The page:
What should you do if your gums bleed regularly when brushing or flossing? The first step is to come in for a thorough examination. In combination with a regular oral exam (and possibly x-rays or other diagnostic tests), a simple (and painless) instrument called a periodontal probe can be used to determine how far any periodontal disease may have progressed. Armed with this information, we can determine the most effective way to fight the battle against gum disease.
Above all, don’t wait too long to come in for an exam! As Dr. Stork notes, bleeding gums are “a sign that things aren’t quite right.” Â If you would like more information about bleeding gums, please contact us or schedule an appointment. You can read more in the Dear Doctor magazine article “Bleeding Gums.” You can read the entire interview with Dr. Travis Stork in Dear Doctor magazine.
What you need to know about dental fillings
There’s a lot to know about dental fillings. There are so many new techniques and materials it’s hard to keep up with dentistry. Just a few years ago, the only dental filling choice was a metal filling which was not very natural-looking. Now, you have a few choices for dental fillings that will protect, and enhance your smile. Your cosmetic dentists at Countryside Dental in Chatham, New York, want to help answer your questions about dental fillings, such as:
What are the different materials used for dental fillings?
Silver fillings, also called amalgam restorations, are the strongest dental fillings. They are typically placed on back teeth where you need biting strength. These fillings can be placed in one appointment.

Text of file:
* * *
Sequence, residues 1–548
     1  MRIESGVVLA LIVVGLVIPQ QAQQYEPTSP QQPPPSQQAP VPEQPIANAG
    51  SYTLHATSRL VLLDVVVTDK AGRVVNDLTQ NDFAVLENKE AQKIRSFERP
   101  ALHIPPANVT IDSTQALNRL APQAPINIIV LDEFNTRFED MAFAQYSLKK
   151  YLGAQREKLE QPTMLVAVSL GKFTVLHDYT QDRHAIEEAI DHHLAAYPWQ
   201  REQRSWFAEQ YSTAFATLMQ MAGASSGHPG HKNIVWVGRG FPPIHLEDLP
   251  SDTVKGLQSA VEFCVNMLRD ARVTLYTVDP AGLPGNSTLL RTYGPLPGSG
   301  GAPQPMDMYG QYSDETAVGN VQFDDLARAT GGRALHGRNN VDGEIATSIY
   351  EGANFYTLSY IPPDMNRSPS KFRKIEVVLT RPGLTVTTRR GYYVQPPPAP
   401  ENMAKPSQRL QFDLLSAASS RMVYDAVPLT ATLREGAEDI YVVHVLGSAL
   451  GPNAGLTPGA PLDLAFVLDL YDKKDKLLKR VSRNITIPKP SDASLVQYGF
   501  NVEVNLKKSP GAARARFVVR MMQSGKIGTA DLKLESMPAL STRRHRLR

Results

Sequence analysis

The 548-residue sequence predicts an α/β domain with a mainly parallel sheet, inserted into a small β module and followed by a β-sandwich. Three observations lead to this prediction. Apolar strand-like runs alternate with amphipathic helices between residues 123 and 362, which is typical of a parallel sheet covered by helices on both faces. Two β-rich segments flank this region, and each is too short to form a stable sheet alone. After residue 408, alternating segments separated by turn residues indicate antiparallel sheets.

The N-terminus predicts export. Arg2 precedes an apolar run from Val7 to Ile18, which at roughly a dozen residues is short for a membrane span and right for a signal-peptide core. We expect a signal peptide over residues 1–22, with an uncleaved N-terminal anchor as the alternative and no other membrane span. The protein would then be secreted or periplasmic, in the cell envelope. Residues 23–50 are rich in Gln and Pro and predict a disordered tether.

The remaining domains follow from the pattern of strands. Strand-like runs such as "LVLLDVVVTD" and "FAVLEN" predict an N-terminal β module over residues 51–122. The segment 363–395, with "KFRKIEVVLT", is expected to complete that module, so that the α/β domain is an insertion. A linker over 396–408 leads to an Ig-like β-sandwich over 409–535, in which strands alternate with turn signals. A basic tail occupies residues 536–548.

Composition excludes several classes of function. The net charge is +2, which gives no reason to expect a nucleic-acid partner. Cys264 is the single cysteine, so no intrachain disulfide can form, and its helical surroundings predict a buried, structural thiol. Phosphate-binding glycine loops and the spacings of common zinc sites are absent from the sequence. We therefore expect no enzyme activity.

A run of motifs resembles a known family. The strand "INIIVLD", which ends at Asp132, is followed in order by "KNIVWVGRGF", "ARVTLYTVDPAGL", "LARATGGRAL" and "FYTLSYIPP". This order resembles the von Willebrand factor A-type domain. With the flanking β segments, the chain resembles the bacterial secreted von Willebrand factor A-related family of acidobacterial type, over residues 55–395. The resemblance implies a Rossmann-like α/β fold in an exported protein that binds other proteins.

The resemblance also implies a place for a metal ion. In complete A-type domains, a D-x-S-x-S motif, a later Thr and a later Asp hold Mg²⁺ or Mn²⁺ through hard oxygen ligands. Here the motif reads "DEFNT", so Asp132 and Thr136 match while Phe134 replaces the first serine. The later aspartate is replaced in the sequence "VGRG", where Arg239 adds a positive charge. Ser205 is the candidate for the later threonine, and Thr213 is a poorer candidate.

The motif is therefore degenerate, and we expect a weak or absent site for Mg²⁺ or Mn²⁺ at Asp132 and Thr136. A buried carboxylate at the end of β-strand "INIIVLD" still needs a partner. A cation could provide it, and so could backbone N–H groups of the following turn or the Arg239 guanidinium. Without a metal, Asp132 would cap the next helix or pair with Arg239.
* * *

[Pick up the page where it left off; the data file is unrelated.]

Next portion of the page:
Composite fillings are tooth-colored liquid resin, which is hardened with an ultraviolet “curing” light. Your cosmetic dentists at Countryside Dental can match the color of composite perfectly to your existing teeth, so you won’t even know it’s there. Composite fillings can also be placed in one appointment
Porcelain fillings are the most beautiful dental restorations. They are created in a dental laboratory and cemented at a later appointment. Because they require more appointments and creation in a lab, porcelain restorations are more expensive.
Glass ionomer fillings are also matched to your existing tooth color. They are typically placed along the gumline where you need aesthetics but not chewing strength. Glass ionomer can also be placed in one appointment.
How much do dental fillings cost?
The cost of your fillings will depend on which material you choose, how many surfaces of the tooth are restored, and how many teeth are involved. Fillings are priced according to each surface restored, with amalgam and glass ionomer being the least expensive, and porcelain and gold the most expensive.
What happens during a filling appointment?
Your cosmetic dentists at Countryside Dental prepare your tooth to receive the filling by removing all of the decay and creating space for the filling material. If you choose amalgam, composite or glass ionomer, you will receive your filling at the same appointment. If you have chosen gold or porcelain after your tooth is prepared, a mold of your teeth is taken and sent off to the dental laboratory. Lab technicians create your custom dental restoration and return it to the office. Your cosmetic dentists at Countryside Dental cement your filling at a later appointment.
If you have more questions about choosing the right dental filling for your needs, don’t hesitate to call your cosmetic dentists at Countryside Dental in Chatham, New York. You have an important decision to make, so don’t make it alone. Find out more about dental fillings and call today!